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Nobel Laureate Set to Speak at Foothill Astronomy Series Feb. 3

January 14,2021

Night sky with stars with human silhouette on ground


Nobel-prize winner Dr. John Mather, the Senior Project Scientist on the James Webb Space Telescope, will give a free, illustrated, non-technical talk online on Wednesday, Feb. 3, 2021 at 7 p.m. on the topic of ”Cosmic Instability: How a Smooth Early Universe Grew into Everyone You Know.”  

 View the lecture on the SVAstronomyLectures YouTube channel. If you go to channel on the evening of the talk, you will be able to participate in the live event; we will also make a recording.

The talk is part of the Silicon Valley Astronomy Lecture Series (through Foothill College), now in its 21st year.

Gravity made stars, stars made heavy elements, gravity and chemistry made planets, geology and biology made people, and people made telescopes.  What we would like to know is hard it all was, and could it happen elsewhere.  The James Webb Space Telescope, planned for launch in October 2021, will extend the discoveries of the Hubble with a much bigger mirror, cooled to low temperatures so it can observe infrared radiation. It will have detectors capable of observing a bumblebee at the distance of the Moon! Dr. Mather will show the telescope, describe its capabilities, and discuss what it might find.  We expect to see the history of the universe laid out before us, from the first luminous objects to our local neighborhood, and to answer questions like: How did the galaxies and black holes first form and grow?  Are there Earth-like planets out there?  How can we tell if they harbor life?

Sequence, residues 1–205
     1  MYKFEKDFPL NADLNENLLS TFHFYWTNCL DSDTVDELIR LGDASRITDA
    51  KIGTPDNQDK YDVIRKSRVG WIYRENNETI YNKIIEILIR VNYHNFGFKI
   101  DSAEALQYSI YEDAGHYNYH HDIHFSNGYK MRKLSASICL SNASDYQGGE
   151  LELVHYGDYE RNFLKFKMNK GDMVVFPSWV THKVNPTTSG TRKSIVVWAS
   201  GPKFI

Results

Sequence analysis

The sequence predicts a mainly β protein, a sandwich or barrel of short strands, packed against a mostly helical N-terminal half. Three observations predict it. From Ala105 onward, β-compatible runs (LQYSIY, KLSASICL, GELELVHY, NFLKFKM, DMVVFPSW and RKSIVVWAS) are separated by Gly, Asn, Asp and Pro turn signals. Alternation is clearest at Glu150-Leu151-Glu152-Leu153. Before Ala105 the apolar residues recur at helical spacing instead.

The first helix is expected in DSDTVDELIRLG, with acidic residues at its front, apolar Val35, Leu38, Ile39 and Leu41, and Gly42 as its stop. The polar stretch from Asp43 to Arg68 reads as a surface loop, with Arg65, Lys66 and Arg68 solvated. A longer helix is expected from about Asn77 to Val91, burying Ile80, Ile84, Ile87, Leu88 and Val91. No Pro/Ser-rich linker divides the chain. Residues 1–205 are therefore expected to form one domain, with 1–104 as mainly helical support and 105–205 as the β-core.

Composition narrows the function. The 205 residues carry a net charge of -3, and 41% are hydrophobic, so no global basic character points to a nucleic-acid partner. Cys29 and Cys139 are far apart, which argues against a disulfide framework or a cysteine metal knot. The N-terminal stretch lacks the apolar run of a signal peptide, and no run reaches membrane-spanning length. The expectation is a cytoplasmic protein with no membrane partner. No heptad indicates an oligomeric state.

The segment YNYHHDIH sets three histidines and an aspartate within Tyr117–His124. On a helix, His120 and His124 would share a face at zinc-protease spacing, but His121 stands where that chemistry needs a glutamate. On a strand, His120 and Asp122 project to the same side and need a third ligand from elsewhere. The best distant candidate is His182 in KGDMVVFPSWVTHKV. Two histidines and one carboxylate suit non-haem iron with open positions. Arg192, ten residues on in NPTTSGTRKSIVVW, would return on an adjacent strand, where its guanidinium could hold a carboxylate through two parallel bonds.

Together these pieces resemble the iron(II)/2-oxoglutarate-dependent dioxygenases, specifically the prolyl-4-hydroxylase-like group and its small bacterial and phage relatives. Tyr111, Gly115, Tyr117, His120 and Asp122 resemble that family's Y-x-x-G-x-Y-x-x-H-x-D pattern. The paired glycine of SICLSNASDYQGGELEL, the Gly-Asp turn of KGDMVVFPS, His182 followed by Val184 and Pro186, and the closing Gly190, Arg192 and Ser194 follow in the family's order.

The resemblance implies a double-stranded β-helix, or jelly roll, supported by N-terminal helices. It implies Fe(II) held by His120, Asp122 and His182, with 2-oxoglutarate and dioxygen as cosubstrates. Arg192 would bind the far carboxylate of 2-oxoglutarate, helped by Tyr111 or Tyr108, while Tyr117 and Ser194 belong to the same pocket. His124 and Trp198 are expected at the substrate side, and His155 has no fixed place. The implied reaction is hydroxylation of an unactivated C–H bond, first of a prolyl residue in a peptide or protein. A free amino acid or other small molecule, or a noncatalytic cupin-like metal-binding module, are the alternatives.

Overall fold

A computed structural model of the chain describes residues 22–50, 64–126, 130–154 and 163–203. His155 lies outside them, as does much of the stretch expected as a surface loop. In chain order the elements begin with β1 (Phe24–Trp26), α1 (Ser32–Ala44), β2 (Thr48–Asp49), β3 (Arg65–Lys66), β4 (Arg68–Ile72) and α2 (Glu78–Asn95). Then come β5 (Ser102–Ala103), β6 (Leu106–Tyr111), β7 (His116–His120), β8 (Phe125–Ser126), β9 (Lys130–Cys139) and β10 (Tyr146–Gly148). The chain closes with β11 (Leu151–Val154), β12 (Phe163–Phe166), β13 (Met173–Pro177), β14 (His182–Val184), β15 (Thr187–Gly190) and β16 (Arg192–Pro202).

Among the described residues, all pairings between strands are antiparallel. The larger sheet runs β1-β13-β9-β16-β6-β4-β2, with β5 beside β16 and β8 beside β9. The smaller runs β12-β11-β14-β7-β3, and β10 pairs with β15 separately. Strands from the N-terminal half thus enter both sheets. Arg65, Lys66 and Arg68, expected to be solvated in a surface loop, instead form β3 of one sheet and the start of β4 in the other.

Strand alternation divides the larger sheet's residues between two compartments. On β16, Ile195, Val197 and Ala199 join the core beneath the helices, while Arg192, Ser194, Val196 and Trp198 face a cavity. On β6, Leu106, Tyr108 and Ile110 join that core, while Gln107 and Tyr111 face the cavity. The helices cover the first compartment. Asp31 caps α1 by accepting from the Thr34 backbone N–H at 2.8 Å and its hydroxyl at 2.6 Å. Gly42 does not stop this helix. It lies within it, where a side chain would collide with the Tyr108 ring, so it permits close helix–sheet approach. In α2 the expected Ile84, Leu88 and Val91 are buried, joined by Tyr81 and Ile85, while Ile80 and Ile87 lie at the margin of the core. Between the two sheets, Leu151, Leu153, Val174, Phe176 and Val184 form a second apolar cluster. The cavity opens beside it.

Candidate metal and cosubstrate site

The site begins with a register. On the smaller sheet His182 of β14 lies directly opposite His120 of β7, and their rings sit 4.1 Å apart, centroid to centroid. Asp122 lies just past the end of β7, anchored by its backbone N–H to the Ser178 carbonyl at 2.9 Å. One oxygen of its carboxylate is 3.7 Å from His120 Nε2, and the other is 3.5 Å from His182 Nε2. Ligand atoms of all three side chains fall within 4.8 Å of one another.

Dr. John C. Mather is a Senior Astrophysicist and the Senior Project Scientist for the James Webb Space Telescope, at NASA’s Goddard Space Flight Center. His research centers on infrared astronomy, cosmology, and the development of new instruments for exploring the universe.  He was the Project Scientist and a Principal Investigator for the Cosmic Background Explorer Satellite -- with which the left-over radiation from the Big Bang was measured precisely for the first time.  He has received numerous awards, including the Nobel Prize in Physics (2006), and three honorary doctorates.

The lecture is co-sponsored by: 

  • The Foothill College Science, Tech, Engineering & Math Division 
  • The SETI Institute 
  • The Astronomical Society of the Pacific 
  • The University of California Observatories (including Lick Observatory)

View the trailer for this lecture on YouTube.

Recordings of past lectures in the series can be found on the SVAstronomyLectures YouTube channel.

For more information, contact Andrew Fraknoi at